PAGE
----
(2009) 13' / for orchestra and two percussionists
Inner Antiphony - fanfare for orchestra and two percussionists was commissioned by the Städtische Theater Chemnitz gGmbH and premiered on January 13th 2010 in the Stadthalle Chemnitz. The performers were the Robert-Schumann-Philharmonie under the direction of their chief conductor Frank Beermann and the percussionists Frank Lange and André Schieferdecker.
View score at Boosey & Hawkes online scores
2(both picc).2.2.2.-126.96.36.199.- 2 solo perc. - timpani - strings (188.8.131.52.6)
- percussion instruments:
- timpani with: 4 timpani and piccolo timpani, piece of metal pipe (mini anvil), woodblock or piece of wood
- 2 percussionists performing in front of the orchestra each with concert cymbals á due (rather small, ca. 12“ and 14“) piece of metal pipe (mini anvil) triangel snare drum (sticks and vegetable brush), flexatone, mouth sirene and together 1 large concert bass drum
Fanfares are, as a musical genre, usually very short, quite loud, dense pieces with fast recurrent motives and have an effect heavy with associations; they inaugurate halls and festivals and celebrate jubilees and heroes. Inner Antiphony - hexatonal fanfare for orchestra and two percussionists, a commission from the Robert-Schumann-Philharmonie and its conductor Frank Beermann, clearly exceeds the usual duration of a fanfare, being 13 minutes long. Despite this, the other characteristic fanfare traits are applied: mechanical repetitive figures, open, parallel brass exclamations and a continuously fast pulse that almost vanishes in to the background again and again, without ever absolutely disappearing. This work will inaugurate not only a concert (in that Schumann’s Cello Concerto and his 1st Symphony will follow Inner Antiphony) but also the Schumann year 2010, which celebrates the 200th anniversary of the composer’s birth.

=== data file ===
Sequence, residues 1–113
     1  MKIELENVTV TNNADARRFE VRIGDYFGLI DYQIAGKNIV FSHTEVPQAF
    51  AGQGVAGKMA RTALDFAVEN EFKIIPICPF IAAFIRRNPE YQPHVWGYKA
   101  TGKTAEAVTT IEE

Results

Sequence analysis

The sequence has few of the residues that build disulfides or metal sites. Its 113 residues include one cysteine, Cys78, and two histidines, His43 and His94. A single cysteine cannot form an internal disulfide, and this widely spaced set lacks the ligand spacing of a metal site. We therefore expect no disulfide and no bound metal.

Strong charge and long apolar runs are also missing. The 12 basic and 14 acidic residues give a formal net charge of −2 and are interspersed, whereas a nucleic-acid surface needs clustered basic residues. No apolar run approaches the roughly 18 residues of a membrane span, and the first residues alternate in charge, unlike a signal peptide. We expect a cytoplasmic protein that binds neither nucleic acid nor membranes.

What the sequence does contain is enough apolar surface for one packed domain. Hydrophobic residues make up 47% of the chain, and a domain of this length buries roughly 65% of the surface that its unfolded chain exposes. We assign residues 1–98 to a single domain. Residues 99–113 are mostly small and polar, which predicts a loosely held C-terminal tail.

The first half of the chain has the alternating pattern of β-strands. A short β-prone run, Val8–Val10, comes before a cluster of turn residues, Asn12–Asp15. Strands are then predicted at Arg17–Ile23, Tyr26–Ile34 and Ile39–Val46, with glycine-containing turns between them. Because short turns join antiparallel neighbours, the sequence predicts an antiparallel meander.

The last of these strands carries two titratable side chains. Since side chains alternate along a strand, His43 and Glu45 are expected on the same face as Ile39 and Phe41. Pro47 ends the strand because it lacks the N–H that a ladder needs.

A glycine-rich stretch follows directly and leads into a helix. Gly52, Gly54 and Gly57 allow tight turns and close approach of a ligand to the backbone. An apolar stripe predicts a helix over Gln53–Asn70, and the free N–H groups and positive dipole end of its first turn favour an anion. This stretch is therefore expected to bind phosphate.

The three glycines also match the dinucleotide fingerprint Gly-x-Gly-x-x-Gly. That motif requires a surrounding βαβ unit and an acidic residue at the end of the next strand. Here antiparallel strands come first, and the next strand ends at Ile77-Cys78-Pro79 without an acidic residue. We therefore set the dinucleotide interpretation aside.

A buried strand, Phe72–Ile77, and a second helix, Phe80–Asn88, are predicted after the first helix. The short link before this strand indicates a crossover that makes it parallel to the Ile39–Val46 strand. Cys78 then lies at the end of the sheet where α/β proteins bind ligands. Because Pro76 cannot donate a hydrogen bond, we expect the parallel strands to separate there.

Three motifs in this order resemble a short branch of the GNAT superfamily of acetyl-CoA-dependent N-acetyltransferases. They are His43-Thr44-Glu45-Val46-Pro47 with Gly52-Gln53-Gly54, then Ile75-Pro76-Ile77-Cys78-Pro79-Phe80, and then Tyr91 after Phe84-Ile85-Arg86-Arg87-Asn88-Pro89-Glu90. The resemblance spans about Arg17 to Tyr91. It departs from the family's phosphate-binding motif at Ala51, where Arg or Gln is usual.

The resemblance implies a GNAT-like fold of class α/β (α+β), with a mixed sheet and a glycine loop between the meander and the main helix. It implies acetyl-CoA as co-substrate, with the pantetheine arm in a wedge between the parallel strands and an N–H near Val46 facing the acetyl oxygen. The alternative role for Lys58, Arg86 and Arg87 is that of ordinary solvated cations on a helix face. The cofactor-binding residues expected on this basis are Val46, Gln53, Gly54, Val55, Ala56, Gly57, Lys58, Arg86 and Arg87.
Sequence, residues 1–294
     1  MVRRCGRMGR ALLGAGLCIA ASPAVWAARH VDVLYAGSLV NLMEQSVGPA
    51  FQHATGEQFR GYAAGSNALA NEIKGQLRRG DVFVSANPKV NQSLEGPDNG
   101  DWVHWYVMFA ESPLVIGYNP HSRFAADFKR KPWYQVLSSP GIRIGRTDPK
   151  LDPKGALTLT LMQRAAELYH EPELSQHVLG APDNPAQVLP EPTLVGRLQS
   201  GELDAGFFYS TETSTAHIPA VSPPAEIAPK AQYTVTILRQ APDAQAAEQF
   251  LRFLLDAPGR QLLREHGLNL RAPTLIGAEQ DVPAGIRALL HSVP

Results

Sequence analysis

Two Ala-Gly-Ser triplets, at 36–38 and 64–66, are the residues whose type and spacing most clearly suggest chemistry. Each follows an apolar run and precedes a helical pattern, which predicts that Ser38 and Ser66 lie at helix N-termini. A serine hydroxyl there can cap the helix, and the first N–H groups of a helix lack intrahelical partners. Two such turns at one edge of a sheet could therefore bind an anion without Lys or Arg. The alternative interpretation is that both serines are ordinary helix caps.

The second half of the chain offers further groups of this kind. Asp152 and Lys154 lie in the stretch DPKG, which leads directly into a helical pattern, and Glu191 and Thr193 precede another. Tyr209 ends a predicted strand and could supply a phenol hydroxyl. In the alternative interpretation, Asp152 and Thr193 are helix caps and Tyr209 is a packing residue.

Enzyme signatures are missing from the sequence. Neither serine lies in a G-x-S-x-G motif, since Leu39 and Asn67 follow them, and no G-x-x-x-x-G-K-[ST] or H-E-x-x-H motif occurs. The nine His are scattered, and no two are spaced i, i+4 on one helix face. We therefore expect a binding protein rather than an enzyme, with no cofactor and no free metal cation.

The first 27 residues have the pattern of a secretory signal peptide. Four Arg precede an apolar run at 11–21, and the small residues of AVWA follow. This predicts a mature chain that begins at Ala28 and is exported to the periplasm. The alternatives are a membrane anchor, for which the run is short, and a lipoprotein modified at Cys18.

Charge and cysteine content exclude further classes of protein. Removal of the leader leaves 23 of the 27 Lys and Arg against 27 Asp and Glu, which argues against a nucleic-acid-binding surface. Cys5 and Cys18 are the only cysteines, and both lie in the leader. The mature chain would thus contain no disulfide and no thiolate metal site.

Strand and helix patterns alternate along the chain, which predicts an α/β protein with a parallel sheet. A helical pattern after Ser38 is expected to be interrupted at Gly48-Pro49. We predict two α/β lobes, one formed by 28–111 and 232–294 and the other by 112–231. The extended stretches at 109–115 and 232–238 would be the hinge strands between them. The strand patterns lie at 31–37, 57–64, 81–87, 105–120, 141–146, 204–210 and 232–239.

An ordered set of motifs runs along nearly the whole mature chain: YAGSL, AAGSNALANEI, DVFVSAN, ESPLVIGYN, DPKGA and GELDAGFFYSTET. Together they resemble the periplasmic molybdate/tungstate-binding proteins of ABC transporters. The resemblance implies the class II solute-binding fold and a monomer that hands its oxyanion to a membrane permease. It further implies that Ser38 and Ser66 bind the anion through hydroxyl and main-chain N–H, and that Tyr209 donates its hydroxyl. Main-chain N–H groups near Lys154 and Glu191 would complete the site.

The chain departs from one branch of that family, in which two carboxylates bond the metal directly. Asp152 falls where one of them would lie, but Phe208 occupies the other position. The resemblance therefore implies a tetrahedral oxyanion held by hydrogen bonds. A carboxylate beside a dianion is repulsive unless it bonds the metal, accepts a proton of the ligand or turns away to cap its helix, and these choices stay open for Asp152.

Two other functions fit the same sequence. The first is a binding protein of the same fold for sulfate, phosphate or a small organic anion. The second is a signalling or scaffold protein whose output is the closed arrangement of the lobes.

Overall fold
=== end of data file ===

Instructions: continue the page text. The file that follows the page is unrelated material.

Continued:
For those seeking a relationship to Schumann, there are two to be found in Inner Antiphony, although the piece does not quote his music directly. I have already occupied myself with the composer-personality of Robert Schumann in my piece "Clara, Robert and Johannes – Fantasy about a love triangle for 18 musicians and a reciting trombonist"; his agile mental inner life particularly interested me. The antiphonal performance of the two solo percussionists with their interconnected rhythms that move back and forth could be viewed as a metaphor for the unsettled condition of such an agonised artist. Moreover, the sixth-tonal (hexatonal) pitch spaces that I used are similar to the harmonic world of our so-called ‘popular music’ in the same way that Schumann’s work related to the folk music of his time.